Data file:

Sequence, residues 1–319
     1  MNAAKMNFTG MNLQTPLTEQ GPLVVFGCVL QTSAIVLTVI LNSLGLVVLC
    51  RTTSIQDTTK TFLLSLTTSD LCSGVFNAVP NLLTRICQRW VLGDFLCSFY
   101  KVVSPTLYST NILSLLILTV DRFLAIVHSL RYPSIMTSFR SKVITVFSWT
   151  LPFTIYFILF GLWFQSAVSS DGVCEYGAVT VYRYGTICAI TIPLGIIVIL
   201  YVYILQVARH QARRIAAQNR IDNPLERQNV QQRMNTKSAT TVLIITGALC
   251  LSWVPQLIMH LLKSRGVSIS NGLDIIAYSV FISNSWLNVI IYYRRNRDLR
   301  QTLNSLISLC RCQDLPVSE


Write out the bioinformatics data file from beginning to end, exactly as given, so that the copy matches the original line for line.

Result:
Sequence, residues 1–319
     1  MNAAKMNFTG MNLQTPLTEQ GPLVVFGCVL QTSAIVLTVI LNSLGLVVLC
    51  RTTSIQDTTK TFLLSLTTSD LCSGVFNAVP NLLTRICQRW VLGDFLCSFY
   101  KVVSPTLYST NILSLLILTV DRFLAIVHSL RYPSIMTSFR SKVITVFSWT
   151  LPFTIYFILF GLWFQSAVSS DGVCEYGAVT VYRYGTICAI TIPLGIIVIL
   201  YVYILQVARH QARRIAAQNR IDNPLERQNV QQRMNTKSAT TVLIITGALC
   251  LSWVPQLIMH LLKSRGVSIS NGLDIIAYSV FISNSWLNVI IYYRRNRDLR
   301  QTLNSLISLC RCQDLPVSE